So, where do you start if you’d like to end up as the next Lewis Hamilton?
Lewis Hamilton just won the German Grand Prix, extending his run of victories to six out of the last seven races. He’s also one of the most well-known sporting celebrities on the planet, the face of numerous advertising campaigns, and doing pretty well financially. Most importantly, he gets to command some of the most sophisticated driving machines in the world.
So, where do you start if you’d like to end up as the next Lewis Hamilton? The common answer can also be a little frustrating: the place you need to start is ‘early’. Most professionals were weaned on racing, committing to the sport as young children and continuing to build their skills year-on-year. Of course, it’s never too begin to start playing catch-up.
The best place to start is on a karting circuit. Sound a little too removed from Formula 1? You might want to rethink that opinion; Hamilton, Vettel, Button, Schumacher, and Senna are just a small handful of racing luminaries who started their careers in karts.
Luckily, you should be able to build up your skills without venturing too far from your home or breaking the bank. With around 180 karting tracks in the UK, there are plenty of options for budding racers, and it typically only costs about £30 for over 30 ‘arrive and drive’ laps, with all equipment and clothing provided as part of the price.
Racing karts is one of the best ways to hone your technique before investing seriously in motorsport, providing the kind of seat-of-your-pants practice and real-life experience that is crucial to progressing. Once you’ve spent a few weekends tearing up the track, you might want to consider taking a look at booking a few hours in a simulator.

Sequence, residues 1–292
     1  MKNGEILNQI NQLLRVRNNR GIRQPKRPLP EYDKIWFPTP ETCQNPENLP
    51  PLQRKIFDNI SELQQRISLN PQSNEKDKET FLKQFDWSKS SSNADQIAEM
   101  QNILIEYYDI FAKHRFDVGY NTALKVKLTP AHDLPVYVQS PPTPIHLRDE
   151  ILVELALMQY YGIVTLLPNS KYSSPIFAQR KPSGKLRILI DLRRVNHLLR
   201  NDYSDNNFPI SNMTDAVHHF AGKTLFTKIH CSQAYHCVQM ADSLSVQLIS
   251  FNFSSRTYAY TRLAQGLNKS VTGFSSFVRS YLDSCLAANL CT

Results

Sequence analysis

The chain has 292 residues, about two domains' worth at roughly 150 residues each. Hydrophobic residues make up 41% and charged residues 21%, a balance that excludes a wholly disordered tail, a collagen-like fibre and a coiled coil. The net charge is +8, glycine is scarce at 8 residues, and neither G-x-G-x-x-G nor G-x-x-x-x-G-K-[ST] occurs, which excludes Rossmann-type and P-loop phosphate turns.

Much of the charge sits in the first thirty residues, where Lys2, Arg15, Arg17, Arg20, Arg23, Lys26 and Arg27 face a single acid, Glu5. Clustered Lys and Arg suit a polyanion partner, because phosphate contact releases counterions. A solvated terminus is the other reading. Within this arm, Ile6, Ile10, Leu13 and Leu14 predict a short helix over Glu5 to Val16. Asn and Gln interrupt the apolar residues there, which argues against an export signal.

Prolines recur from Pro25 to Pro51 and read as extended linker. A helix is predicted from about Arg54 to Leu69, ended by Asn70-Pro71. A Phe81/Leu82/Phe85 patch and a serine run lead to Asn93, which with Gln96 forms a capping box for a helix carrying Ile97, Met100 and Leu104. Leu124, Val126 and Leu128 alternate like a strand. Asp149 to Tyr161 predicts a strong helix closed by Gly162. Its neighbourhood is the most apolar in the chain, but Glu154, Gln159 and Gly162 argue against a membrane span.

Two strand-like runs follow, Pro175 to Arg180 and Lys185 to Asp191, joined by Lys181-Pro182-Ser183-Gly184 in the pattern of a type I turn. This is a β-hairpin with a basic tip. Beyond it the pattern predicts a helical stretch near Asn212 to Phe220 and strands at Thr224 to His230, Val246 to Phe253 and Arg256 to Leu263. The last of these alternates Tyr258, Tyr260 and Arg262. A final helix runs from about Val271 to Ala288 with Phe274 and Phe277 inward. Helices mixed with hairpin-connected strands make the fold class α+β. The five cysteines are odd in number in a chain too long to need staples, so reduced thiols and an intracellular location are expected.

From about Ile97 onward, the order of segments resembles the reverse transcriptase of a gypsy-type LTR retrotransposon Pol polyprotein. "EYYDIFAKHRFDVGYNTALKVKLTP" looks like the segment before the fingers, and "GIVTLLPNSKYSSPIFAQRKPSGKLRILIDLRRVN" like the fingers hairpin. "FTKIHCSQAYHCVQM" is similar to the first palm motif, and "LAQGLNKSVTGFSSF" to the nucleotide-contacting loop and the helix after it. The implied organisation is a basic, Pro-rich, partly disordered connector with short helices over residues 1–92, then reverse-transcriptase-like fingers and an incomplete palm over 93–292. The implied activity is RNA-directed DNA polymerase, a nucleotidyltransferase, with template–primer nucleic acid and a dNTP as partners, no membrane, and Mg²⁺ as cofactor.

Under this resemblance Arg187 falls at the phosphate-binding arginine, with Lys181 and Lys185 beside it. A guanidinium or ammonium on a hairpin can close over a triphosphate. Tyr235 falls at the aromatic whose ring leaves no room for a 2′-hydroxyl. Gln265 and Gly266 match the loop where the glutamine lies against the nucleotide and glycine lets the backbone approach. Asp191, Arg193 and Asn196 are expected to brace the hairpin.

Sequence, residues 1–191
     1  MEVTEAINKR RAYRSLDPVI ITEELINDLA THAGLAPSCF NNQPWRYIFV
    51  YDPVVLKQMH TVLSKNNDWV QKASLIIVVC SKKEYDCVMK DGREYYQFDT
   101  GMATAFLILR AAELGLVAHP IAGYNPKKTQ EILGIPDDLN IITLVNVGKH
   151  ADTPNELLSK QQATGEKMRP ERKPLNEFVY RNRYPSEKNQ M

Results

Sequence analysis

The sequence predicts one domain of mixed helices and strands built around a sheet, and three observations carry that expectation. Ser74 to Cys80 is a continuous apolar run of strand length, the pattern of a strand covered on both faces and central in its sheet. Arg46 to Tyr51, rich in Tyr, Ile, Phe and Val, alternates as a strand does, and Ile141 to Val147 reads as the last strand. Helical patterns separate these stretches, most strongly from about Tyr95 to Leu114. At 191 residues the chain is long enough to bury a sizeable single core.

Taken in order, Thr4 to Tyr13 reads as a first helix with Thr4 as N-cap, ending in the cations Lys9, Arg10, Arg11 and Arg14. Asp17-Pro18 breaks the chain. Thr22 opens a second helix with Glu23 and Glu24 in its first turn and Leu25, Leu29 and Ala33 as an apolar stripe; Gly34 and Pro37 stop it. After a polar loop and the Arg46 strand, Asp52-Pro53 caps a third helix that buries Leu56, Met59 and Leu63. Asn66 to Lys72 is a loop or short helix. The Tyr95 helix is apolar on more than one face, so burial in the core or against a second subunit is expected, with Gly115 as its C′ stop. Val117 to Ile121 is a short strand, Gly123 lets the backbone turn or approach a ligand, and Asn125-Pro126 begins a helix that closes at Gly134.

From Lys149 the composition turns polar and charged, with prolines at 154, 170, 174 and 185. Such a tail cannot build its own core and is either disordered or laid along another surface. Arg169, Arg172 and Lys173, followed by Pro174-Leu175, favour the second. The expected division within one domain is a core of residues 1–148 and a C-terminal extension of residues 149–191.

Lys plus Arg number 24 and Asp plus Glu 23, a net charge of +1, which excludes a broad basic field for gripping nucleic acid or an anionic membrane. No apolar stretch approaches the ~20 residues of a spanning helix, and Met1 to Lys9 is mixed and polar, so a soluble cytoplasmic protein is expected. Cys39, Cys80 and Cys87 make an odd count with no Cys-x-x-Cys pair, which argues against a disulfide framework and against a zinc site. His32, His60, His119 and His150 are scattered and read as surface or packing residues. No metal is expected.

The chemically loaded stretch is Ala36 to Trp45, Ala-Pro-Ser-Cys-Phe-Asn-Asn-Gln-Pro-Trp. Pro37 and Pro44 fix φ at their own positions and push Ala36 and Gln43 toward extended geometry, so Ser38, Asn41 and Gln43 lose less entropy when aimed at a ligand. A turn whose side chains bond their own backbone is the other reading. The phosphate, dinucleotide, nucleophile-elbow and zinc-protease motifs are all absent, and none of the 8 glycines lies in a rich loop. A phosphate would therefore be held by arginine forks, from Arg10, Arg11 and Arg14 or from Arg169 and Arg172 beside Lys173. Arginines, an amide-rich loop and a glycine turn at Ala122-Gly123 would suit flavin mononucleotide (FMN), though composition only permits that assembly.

Greats such as Schumacher might not have had these to learn on, and they were in their infancy even when Hamilton was taking strides forward, but technological advances have made it possible to experience just how it feels to control an F1 supercar. You’ll develop an appreciation of how they perform and understand more clearly how to find the fastest lines. Performance data provides crucial insights on how to improve your technique.
It might sound odd, but programs such as Nissan’s GT Academy now include an intense simulator training regime. There are around 10 UK centres where racers can immerse themselves, with an hour of digital racing coming in at around £175 per hour. That might sound steep, but think of it as a vital step towards pole position.